^Watamoto K, Towatari M, Ozawa Y, Miyata Y, Okamoto M, Abe A, Naoe T, Saito H (December 2003). "Altered interaction of HDAC5 with GATA-1 during MEL cell differentiation". Oncogene22 (57): 9176–84. doi:10.1038/sj.onc.1206902. PMID14668799.
^Ozawa Y, Towatari M, Tsuzuki S, Hayakawa F, Maeda T, Miyata Y, Tanimoto M, Saito H (October 2001). "Histone deacetylase 3 associates with and represses the transcription factor GATA-2". Blood98 (7): 2116–23. doi:10.1182/blood.V98.7.2116. PMID11567998.
^ abcdZhang J, Kalkum M, Chait BT, Roeder RG (March 2002). "The N-CoR-HDAC3 nuclear receptor corepressor complex inhibits the JNK pathway through the integral subunit GPS2". Mol. Cell9 (3): 611–23. doi:10.1016/S1097-2765(02)00468-9. PMID11931768.
^Wen YD, Cress WD, Roy AL, Seto E (January 2003). "Histone deacetylase 3 binds to and regulates the multifunctional transcription factor TFII-I". J. Biol. Chem.278 (3): 1841–7. doi:10.1074/jbc.M206528200. PMID12393887.
^ abcdFischle W, Dequiedt F, Hendzel MJ, Guenther MG, Lazar MA, Voelter W, Verdin E (January 2002). "Enzymatic activity associated with class II HDACs is dependent on a multiprotein complex containing HDAC3 and SMRT/N-CoR". Mol. Cell9 (1): 45–57. doi:10.1016/S1097-2765(01)00429-4. PMID11804585.
^Baek SH, Ohgi KA, Rose DW, Koo EH, Glass CK, Rosenfeld MG (July 2002). "Exchange of N-CoR corepressor and Tip60 coactivator complexes links gene expression by NF-kappaB and beta-amyloid precursor protein". Cell110 (1): 55–67. doi:10.1016/S0092-8674(02)00809-7. PMID12150997.
^Mahlknecht U, Will J, Varin A, Hoelzer D, Herbein G (September 2004). "Histone deacetylase 3, a class I histone deacetylase, suppresses MAPK11-mediated activating transcription factor-2 activation and represses TNF gene expression". J. Immunol.173 (6): 3979–90. doi:10.4049/jimmunol.173.6.3979. PMID15356147.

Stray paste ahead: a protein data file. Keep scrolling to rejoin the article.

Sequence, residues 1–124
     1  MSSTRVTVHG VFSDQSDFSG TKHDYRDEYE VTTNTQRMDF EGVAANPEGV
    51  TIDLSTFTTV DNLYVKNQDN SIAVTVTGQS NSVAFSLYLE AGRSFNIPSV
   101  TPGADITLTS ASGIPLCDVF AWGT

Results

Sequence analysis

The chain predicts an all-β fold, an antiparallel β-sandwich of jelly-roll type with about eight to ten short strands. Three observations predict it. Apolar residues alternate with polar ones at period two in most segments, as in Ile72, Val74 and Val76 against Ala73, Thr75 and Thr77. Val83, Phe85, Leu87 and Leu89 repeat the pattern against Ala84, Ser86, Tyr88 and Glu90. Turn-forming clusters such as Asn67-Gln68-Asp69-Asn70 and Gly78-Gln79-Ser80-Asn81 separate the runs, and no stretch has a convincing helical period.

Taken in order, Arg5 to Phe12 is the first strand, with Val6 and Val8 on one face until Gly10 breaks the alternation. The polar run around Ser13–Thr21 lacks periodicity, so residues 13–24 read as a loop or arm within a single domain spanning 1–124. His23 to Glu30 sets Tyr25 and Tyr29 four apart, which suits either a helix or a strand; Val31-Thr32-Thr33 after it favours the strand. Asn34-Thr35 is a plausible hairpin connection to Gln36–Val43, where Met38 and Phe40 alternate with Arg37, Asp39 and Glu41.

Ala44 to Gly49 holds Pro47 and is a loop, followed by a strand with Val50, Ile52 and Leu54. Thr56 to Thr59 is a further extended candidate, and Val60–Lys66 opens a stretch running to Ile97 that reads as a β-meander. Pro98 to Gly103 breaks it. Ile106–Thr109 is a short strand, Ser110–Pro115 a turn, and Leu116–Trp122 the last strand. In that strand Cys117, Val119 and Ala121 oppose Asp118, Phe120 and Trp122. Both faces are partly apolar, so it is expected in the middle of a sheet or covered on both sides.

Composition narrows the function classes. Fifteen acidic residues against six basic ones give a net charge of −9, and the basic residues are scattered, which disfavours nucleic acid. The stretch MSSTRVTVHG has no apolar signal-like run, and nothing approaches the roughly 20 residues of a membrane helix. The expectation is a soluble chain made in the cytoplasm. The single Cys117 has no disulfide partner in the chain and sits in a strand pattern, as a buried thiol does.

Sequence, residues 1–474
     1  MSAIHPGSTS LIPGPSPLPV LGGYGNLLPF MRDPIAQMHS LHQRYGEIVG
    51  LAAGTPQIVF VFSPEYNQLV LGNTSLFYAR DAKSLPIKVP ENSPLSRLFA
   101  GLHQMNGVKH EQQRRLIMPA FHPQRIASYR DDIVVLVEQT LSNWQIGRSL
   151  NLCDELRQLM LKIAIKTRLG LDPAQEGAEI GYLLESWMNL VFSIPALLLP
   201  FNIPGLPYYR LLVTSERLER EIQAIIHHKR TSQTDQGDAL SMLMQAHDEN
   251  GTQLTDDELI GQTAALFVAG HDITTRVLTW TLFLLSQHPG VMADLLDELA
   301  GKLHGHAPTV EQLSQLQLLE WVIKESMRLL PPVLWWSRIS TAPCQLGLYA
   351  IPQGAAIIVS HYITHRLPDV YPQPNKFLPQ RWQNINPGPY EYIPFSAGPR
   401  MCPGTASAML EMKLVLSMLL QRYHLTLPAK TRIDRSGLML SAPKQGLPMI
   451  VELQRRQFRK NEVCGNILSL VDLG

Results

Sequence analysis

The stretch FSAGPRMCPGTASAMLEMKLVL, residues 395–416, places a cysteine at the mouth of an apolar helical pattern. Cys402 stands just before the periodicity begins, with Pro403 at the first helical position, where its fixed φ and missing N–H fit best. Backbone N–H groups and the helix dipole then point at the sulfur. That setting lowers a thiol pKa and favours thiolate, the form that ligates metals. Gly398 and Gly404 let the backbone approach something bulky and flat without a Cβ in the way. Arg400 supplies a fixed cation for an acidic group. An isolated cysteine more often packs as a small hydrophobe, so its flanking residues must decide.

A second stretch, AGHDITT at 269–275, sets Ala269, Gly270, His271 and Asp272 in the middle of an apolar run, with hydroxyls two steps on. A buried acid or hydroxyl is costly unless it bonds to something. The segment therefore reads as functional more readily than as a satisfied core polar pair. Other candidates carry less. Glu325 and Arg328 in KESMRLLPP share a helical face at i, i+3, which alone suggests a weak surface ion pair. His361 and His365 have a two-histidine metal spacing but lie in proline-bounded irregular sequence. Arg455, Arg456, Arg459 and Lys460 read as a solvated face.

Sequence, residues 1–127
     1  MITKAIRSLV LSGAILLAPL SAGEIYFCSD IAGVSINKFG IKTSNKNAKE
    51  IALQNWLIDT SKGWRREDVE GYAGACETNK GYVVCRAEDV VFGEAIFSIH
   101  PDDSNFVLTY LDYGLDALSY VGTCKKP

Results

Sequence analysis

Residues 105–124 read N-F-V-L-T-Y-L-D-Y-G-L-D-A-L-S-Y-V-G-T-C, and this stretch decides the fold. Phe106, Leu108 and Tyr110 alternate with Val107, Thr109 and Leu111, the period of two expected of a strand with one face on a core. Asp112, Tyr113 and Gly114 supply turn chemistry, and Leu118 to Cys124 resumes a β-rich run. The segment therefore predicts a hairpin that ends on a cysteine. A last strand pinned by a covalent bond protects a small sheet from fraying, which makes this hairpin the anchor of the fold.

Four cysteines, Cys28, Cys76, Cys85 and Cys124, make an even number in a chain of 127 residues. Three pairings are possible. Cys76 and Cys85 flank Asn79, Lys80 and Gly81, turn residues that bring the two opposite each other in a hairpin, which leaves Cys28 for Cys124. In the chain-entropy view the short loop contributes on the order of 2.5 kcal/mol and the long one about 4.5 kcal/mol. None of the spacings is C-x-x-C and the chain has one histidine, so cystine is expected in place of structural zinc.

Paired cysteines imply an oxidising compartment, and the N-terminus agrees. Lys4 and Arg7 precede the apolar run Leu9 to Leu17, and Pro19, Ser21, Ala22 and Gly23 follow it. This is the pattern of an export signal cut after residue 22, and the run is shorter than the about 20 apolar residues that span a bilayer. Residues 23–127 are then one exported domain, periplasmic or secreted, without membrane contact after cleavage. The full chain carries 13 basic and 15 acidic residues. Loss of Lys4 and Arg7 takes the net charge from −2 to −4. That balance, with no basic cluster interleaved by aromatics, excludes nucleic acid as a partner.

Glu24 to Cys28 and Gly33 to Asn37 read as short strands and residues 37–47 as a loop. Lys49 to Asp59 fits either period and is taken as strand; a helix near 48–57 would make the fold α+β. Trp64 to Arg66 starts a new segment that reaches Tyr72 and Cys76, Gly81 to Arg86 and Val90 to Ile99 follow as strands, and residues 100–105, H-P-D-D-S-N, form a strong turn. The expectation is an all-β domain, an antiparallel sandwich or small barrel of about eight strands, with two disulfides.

^ abcYoon HG, Chan DW, Reynolds AB, Qin J, Wong J (September 2003). "N-CoR mediates DNA methylation-dependent repression through a methyl CpG binding protein Kaiso". Mol. Cell12 (3): 723–34. doi:10.1016/j.molcel.2003.08.008. PMID14527417.
^Li G, Franco PJ, Wei LN (October 2003). "Identification of histone deacetylase-3 domains that interact with the orphan nuclear receptor TR2". Biochem. Biophys. Res. Commun.310 (2): 384–90. doi:10.1016/j.bbrc.2003.08.145. PMID14521922.
^Franco PJ, Farooqui M, Seto E, Wei LN (August 2001). "The orphan nuclear receptor TR2 interacts directly with both class I and class II histone deacetylases". Mol. Endocrinol.15 (8): 1318–28. doi:10.1210/mend.15.8.0682. PMID11463856.
^Tan F, Lu L, Cai Y, Wang J, Xie Y, Wang L, Gong Y, Xu BE, Wu J, Luo Y, Qiang B, Yuan J, Sun X, Peng X (July 2008). "Proteomic analysis of ubiquitinated proteins in normal hepatocyte cell line Chang liver cells". Proteomics8 (14): 2885–96. doi:10.1002/pmic.200700887. PMID18655026.
^Yang WM, Yao YL, Sun JM, Davie JR, Seto E (October 1997). "Isolation and characterization of cDNAs corresponding to an additional member of the human histone deacetylase gene family". J. Biol. Chem.272 (44): 28001–7. doi:10.1074/jbc.272.44.28001. PMID9346952.